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scottyaguas
1 Copper

Dell XPS 15 9560 Getting error with display dongles: "USB Device not recognized or Malfunctioned"

I have two different display dongles, one is a usb-c to hdmi/vga adapter and one is a usb 3.0 to vga external graphics card. I have tried both of these devices on other computers and they work just fine but when I try with me Dell XPS 15 9560 I get the "USB device not recognized" error, I beleive it is error 43. I plugged the usb-c adapter into a Lenovo Yoga 910 and it work immediately without installing any drivers so I don't think it is a driver issue. I have found forums with people updating all of the usb ports in device manager and disable power saving mode and I've tried them all, nothing works. The only common "fix" that I haven't been able to try is changing the wifi power output from 100% to 75% and I haven't done this because my machine has the Killer wifi card which doesn't have this option in device manager. Help please.

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jphughan
5 Rhenium

RE: Dell XPS 15 9560 Getting error with display dongles: "USB Device not recognized or Malfunctioned"

What OS are you running?  And are you getting this error with both of the adapters or just one?  If you get it with both, do you get the error if you try them separately rather than simultaneously?  Also, if you're not aware, USB-C to HDMI/VGA adapters work completely differently from USB 3.0 display adapters.  USB-C ports have a real DisplayPort output wired to them, which means using display adapters with that port is just the same as if you were connecting the display via a native DisplayPort/HDMI/VGA connector on the laptop itself, although those combo display/USB devices will limit the maximum bandwidth available and therefore the maximum resolution you can run compared to USB-C adapters that only give you HDMI/DisplayPort.  By comparison, USB 3.0 adapters do not work this way because those ports (USB-A) do not have a real video output wired to them.  Instead, they use what's called a DisplayLink chip, which involves a driver (automatically installed via Windows Update starting with Windows 10 Anniversary Update) that basically uses your CPU and GPU to compress display data for prior to sending it as USB data to that adapter, and then the adapter decompresses it and sends it to the display.  This has a few ramifications.  First, displays connected through these adapters will sometimes feel sluggish and/or reveal compression artifacts when large portions of the display area are changing at the same time, even when you have USB 3.0 and a fast CPU and GPU. This isn't an issue if you'll be using this display for Web browsing, email, etc, but gaming or full-screen video would not be advisable. And second, battery life will drain noticeably more quickly due to increased CPU and GPU activity.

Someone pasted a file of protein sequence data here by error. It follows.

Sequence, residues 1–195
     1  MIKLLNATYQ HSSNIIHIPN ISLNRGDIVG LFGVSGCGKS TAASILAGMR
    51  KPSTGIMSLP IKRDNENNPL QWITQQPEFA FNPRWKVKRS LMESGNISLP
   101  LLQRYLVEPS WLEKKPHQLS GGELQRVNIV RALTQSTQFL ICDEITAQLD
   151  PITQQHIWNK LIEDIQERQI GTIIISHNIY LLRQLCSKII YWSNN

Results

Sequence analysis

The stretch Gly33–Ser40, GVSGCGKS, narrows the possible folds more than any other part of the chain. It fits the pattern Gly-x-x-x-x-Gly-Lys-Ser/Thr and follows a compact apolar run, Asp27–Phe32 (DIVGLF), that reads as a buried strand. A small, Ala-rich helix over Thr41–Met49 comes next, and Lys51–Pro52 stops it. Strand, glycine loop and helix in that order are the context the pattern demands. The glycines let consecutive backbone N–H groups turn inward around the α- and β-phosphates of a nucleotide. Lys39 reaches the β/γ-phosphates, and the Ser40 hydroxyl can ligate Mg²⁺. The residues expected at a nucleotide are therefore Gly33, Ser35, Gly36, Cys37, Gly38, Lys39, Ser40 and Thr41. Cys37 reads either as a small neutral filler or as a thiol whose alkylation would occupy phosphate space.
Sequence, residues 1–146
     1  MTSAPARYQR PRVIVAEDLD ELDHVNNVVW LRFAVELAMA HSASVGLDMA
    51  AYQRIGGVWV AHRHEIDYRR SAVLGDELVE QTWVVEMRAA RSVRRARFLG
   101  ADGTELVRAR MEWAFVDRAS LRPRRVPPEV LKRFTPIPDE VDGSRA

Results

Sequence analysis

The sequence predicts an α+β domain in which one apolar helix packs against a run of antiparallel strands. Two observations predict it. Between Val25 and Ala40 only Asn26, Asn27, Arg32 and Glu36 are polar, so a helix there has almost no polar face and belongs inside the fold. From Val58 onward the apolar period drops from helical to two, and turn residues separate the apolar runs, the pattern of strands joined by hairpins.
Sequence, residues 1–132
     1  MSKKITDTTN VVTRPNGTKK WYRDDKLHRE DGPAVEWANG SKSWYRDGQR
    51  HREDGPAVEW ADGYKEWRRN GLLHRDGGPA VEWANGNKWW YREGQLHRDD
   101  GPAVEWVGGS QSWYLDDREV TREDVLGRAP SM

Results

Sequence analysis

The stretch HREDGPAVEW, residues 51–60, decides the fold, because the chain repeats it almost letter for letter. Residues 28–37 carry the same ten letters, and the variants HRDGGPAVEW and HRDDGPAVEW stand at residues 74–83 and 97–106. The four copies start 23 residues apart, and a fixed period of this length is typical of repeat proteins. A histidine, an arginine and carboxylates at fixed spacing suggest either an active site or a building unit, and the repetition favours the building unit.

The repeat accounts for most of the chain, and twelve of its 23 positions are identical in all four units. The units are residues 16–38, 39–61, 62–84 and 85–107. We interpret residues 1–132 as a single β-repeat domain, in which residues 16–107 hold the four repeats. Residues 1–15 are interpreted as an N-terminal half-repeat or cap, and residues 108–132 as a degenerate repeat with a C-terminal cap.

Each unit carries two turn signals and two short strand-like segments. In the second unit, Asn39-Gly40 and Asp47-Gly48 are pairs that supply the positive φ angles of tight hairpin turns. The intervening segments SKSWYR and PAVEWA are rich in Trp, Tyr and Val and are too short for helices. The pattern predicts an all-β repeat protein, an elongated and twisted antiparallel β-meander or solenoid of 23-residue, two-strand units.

If the tradeoffs of the USB 3.0 adapter aren't acceptable to you, I would recommend considering either a USB-C dock (or Thunderbolt dock since your system supports it) or else a Thunderbolt to Dual DisplayPort adapter, either of which will keep your displays on "real" display outputs.  The Thunderbolt-based options might require updating your BIOS, Thunderbolt software, and Thunderbolt firmware to work properly, fyi.  Also note that if you need adapters to convert from DisplayPort to whatever input your displays require, you'll need ACTIVE adapters, not the more common passive adapters.

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